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Topic Review (Newest First)
12-21-2005 06:00 PM
HUH?
Circuit Breakers

Like the man said, electricity can be tricky and dangerous. The fuse or circuit breaker is in the system to protect your wiring. 12 gauge wire MUST have a 20 amp breaker or fuse to protect it. If you replace that 20 amp fuse with a 30 amp fuse the wire is the weak link in the system. The 12 gauge wire will melt in two and never "kick" the breaker. If you are "lucky" it will melt quickly. If you are not lucky it will melt slowly and be a long, red hot heating element behind your shop walls prompting a visit from your local fire department.

Flickering lights can be caused by a malfunctioning power tool or a loose connection somewhere between the outlet and the power line outside. It can take a pretty sharp electrician to hunt down that single loose screw.


I reject your reality and substitute my own.
12-14-2005 04:13 AM
schnitz
Quote:
Originally Posted by Rob Keller
shcnitz

You might need to check the breaker on that service.

I had a 20 AMP running to my tool box and when the compressor kicked on the fluorescents would go out and flicker back on so I replaced it with 30 amp and the compressor kicks on and ups and runs faster and the lights dont go out.

If you dont know about AC current get some one who dose its tricky and can mess you up real fast

SR66

I tried it in 2 different outlets on 2 separate circuits in the house too, Same thing. Also, the grinder made it do the same. Guess I'm hiring an electrician shortly. Get it, electrician- shortly?? Ah ha.

Thanks Rob.
In a while, Chet.
12-13-2005 07:05 PM
Rob Keller shcnitz

You might need to check the breaker on that service.

I had a 20 AMP running to my tool box and when the compressor kicked on the fluorescents would go out and flicker back on so I replaced it with 30 amp and the compressor kicks on and ups and runs faster and the lights dont go out.

If you dont know about AC current get some one who dose its tricky and can mess you up real fast

SR66
12-11-2005 06:44 PM
sha_ba_do_bang I bought this makita corded drill from a pawnshop for $15, it looked pretty beat up but i definatly beat it up more, i have drilled many holes in metal and its gotten pretty hot and dropped alot and still runs great, Good tools can't be beat
12-10-2005 08:59 PM
schnitz Rob, both the regular rough service garage bulbs and the florescent dim slightly when I run the drill. I've pushed it hard enough to let it get warm, but let it cool for a bit, and then it's good as a new one. Tuff little bugger I guess.



In a while, Chet.
12-10-2005 07:59 PM
Rob Keller florescent or regular bulbs?
its not abnormal for them to dim a little when you turn them on

when they start getting hot, smoking or making noise then they are possibly on their way out as far as some stuff I have a 4' grinder from HF that I use for everything the switch started sticking a little but I have a diamond blade I use for tile that is $30. twice as much as the grinder LOL
been going strong for 8 years

SR66
__________________
I'm not prejudice, I hate everyone
12-10-2005 07:34 PM
schnitz Well, I keep my grinder and one of my drills in separate Plano tool boxes. Everything I need with it is kept right with the tool. Sure saves on looking for the wrench for the grinder.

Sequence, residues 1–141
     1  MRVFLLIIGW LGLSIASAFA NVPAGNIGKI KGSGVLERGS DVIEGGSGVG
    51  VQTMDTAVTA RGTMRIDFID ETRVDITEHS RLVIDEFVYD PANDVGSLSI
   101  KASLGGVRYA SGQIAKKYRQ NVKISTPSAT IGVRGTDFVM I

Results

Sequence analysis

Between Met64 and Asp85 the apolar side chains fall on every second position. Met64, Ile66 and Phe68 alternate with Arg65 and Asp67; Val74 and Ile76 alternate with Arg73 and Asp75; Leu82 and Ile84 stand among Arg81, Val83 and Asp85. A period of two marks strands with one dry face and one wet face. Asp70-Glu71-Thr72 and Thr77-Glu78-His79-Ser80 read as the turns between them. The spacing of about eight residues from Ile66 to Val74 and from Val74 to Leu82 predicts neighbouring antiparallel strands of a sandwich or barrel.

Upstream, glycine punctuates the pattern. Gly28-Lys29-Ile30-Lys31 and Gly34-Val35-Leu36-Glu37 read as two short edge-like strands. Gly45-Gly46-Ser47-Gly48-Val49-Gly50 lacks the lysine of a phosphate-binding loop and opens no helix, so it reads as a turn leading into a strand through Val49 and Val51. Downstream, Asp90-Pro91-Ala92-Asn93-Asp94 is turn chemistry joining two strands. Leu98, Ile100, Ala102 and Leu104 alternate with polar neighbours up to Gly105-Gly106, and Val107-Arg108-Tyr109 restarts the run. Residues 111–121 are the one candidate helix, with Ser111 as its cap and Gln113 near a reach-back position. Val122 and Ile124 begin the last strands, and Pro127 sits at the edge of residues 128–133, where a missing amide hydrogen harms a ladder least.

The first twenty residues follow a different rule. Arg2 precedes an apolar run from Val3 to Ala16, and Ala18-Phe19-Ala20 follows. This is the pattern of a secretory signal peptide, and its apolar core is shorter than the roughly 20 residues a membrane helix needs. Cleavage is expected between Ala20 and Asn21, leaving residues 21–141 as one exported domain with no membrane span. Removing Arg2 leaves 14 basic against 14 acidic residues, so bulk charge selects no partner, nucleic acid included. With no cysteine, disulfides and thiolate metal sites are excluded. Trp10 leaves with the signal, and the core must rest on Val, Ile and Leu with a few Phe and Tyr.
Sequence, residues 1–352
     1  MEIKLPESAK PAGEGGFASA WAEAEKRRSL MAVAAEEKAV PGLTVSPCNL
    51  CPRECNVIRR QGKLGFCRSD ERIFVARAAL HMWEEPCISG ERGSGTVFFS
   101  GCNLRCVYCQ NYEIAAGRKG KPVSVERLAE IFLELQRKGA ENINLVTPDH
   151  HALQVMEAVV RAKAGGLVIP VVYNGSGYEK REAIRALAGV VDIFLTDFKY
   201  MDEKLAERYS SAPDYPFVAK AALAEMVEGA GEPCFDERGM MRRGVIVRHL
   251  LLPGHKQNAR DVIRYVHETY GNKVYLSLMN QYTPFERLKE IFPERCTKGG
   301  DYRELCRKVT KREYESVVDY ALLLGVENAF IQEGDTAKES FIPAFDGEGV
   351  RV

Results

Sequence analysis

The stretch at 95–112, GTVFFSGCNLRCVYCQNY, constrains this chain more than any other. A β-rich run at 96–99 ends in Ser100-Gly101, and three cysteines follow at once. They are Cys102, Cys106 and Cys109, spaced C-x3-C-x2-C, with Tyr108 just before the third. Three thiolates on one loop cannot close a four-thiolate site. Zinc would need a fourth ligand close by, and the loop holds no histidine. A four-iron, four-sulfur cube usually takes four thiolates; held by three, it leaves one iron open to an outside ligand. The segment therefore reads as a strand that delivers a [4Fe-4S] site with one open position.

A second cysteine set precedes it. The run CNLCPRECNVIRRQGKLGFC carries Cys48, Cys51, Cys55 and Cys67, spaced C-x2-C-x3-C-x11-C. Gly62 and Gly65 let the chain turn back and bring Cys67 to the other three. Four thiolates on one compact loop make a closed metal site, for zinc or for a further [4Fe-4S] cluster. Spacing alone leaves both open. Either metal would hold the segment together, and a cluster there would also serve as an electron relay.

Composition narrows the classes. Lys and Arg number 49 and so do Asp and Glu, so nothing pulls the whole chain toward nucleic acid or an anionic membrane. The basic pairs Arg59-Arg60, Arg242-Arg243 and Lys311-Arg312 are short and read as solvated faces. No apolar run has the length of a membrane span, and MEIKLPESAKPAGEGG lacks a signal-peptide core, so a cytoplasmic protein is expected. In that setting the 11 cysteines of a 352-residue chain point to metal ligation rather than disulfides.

I try to buy hte best tool that I can afford at the time of purchase. My grinder in a Makita 4 1/2" that I bought about 10 years ago, and my DeWalt drill is about the same age. I've just been noticing that the lights flicker slightly in the garage when I run the drill. It hasn't run really hot or anything, but I figured I missed something in terms of upkeep.


Thanks, Chet.
12-10-2005 07:16 PM
Rob Keller you've hit most of the area's of concern

you can take a piece of 5/16 or 3/8 fuel line and put it around the cord to keep it from getting nicked at least at the ends
SR66
__________________
I'm not prejudice, I hate everyone
keep them clean and put up when not in use

when I buy a new drill or impact something that has parts that will rust is 1 ST think is to degrease that part of it and scuff it up w/ some scotchbrite and tape it off and paint if I use Yellow or clears the yellow works on 2 levels keeps the oxidation out and you know its mine

always lube air tools at the beginning and end of use sometimes in between

make a place for them so they get proper storage (so there not in a big box or bag at the bottom getting knocked around


hope this helps
SR66
__________________
I'm not prejudice, I hate everyone
12-10-2005 06:36 PM
Jeff@JWP Ummm... First step is to buy good tools

Seriously, the el cheapo stuff is not the way to go... you dfinately get what you pay for.

I second the storage in the cabinet and not wraping the cord very tight.
12-10-2005 04:50 PM
advanced design We have corded tools in the shop that I was using as a child. All we've done is to keep them in drawers and not wrap the cord too tight around the body. Of course those old tools are heavy. The newer grinders and drills receive the same and they are holding up OK.
12-10-2005 04:28 PM
schnitz
Corded tool care.

Is there anything to do to increase the lifespan of corded power tools? I mean, aside from seldomly using them. I try to keep the dust blown out from the vents, and I very seldom have dropped any of them. Air tools require a maintence regiment to make them perform as intended. Is there anything I can do to make my drills and my grinder last longer? I really am not looking forward to spending extra $$ to replace something that regular maintenance could've prevented.

Thanks in advance, Chet.

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